Matthew Lieberman, in his book, Social: why our brains are wired to connect, mentions a poll that asked past employees which they would prefer, a raise or a better boss.  Two-thirds answered that they would prefer a better boss over a higher salary.  A good attitude on the part of the manager is an essential requirement if the manager is to be a leader as well.

Dennis Shackel, in his book, Five Seconds at a Time, says that a successful leader recognizes and teaches followers that attitude is so much more important than either skills or knowledge.  As proof, he told of an exercise he used in his workshops, which involved asking participants to write down all the characteristics of a good leader that they could think of.  He then asked them to write down K, S, or A beside each characteristic, indicating whether it involved either knowledge, skill, or attitude. (A widely used classification system of human behavior.) The percentages tended to average out to 2% knowledge, 4% skill, and 94% attitude.  Attitude included such things as perseverance, commitment, courage, optimism, gratefulness, confidence, and hope.

Dennis Shackel claims that attitude is a more critical quality than knowledge and skill combined and gives emphasis to the claim that successful leadership requires effective thought choices.  You can control your attitude by controlling your thoughts.

Research indicates that optimism helps you to advance in life, regardless of your age. It stands to reason that the more positive you are about your future, the more you can handle life’s setbacks. Optimists also earn greater pay and work longer and harder than pessimists. An insurance company tested their sales agents for optimism and discovered that those who scored in the top half in optimism sold 37% more insurance than those in the pessimistic bottom half.

Charles S. Jacobs, in his book, Management rewired, says the most effective managers, according to neuroscience, are the ones who do the least in the traditional sense of management.  Unfortunately, those who are promoted to management are usually the high achievers in an organization who find it difficult to back off from what made them a success. They adopt a one size fits all method when it comes to working and managing.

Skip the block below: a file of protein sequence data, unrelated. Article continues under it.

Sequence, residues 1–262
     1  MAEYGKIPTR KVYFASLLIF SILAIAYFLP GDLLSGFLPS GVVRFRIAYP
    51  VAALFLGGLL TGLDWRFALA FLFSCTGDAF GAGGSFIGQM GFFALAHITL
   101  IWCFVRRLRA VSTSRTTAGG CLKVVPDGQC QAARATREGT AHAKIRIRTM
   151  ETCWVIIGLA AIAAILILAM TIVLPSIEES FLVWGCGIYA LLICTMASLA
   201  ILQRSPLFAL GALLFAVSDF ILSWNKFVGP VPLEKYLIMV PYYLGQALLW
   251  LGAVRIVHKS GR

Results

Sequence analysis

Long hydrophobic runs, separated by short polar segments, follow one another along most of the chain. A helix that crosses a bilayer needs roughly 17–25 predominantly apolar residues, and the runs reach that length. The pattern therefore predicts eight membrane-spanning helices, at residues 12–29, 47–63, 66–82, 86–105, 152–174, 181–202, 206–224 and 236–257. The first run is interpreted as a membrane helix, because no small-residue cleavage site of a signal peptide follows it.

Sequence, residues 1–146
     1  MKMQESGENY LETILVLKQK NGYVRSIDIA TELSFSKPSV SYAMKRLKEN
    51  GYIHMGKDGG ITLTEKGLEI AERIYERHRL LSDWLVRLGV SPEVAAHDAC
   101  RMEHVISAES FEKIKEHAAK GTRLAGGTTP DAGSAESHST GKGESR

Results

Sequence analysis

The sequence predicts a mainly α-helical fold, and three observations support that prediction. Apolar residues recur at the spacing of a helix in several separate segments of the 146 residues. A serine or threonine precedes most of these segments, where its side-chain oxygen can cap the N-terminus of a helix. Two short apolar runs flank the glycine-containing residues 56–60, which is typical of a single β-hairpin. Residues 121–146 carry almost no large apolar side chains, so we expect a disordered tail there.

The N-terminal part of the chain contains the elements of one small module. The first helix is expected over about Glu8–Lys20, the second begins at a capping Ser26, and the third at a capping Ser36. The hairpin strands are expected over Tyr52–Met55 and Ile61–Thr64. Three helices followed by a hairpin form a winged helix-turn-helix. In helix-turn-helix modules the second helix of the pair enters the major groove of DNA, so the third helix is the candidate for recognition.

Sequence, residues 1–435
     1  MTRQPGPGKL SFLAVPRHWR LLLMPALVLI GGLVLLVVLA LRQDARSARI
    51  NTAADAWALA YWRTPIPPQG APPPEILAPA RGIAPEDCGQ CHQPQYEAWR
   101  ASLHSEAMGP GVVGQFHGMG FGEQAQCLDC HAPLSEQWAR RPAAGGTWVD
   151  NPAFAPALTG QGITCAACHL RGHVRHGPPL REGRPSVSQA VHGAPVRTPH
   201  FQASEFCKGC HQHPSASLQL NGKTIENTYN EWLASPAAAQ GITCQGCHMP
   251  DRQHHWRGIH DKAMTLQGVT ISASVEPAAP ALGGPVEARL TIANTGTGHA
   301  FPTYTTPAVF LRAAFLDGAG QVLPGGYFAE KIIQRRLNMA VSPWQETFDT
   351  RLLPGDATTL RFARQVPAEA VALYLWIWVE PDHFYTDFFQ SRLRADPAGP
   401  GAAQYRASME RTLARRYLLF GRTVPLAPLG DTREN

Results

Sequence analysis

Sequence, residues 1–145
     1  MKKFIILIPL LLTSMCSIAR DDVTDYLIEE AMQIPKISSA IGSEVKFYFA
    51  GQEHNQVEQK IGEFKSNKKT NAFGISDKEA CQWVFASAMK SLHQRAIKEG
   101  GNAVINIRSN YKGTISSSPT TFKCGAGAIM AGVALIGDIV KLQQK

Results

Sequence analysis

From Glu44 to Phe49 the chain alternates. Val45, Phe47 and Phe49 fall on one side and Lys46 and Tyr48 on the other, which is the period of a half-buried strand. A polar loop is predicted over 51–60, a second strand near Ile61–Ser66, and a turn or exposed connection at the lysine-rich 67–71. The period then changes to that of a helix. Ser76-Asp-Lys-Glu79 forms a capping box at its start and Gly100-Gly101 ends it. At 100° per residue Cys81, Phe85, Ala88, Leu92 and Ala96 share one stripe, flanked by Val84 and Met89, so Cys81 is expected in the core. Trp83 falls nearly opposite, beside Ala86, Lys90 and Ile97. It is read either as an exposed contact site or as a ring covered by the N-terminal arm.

In business it is especially important to have a positive attitude. Whether you are the boss, a manager, or other employee, how you speak and behave impacts those around you. Like laughter, or any emotion, for that matter, positive thinking can be contagious.

We catch more than just colds from one another. We can catch people’s mood, pain, grief, and compassion. And body language aside, the reason appears to be those mirror neurons that have been capturing the interest of neurologists and others in the last fifteen years or more. These mirror neurons – cells scattered across our brain that reflect their surroundings – including the actions and feelings of others.

Our mirror neurons fire regardless of whether we or someone else is performing a specific action. It enables us to relate to the person to the degree that we even have a fair idea of why they are performing that action. For example, when you are grabbing a cup of coffee, a specific neuron fires to tell your hand to reach out and grip the handle of the cup. And when you watch a friend pick up her own cup of coffee, a mirror neuron also fires as if you were also picking up her cup of coffee, even though your hand is not moving at all.

This empathy with others includes emotions. So, if you cringe at the sight of someone else getting hurt, empathize with your friend who is grieving, and feel uncomfortable when a co-worker is upset and anxious, blame it on these specialized brain cells.

Give your mirror neurons a chance to do their thing. Just because you are in a rush, for example, does not mean you have to act as if you are in a rush. University of Kansas researchers studied the effect of doctors standing vs. sitting when visiting their hospital patients. When questioned afterwards, the patients whose doctors sat with them perceived the visit to be a lot longer than those patients whose doctors stood by their bedside.

If you are a manager, even if you have only ten minutes to talk to a member of your staff, you can still sit down, which makes you much more connected to the person than if you’re standing up. And make good eye contact, nod your head, lean in – all the actions that convey that you are present mentally and emotionally as well as physically.

The worst thing you can do is remain standing, walk to the door, put your hand on the door handle, and keep talking, because then the person does know that your mind as well as your body is already on the way out. Instead, you could stay seated and say, “If you have another question, I can answer it now, and if you’d like more time to go over things, we can schedule another meeting.” That way, you are completely with the individual, and not sending the message that you cannot wait to get out of there.

NOTE: The above article was excerpted Harold Taylor’s eBook, A positive attitude gets results, soon to be published and available from


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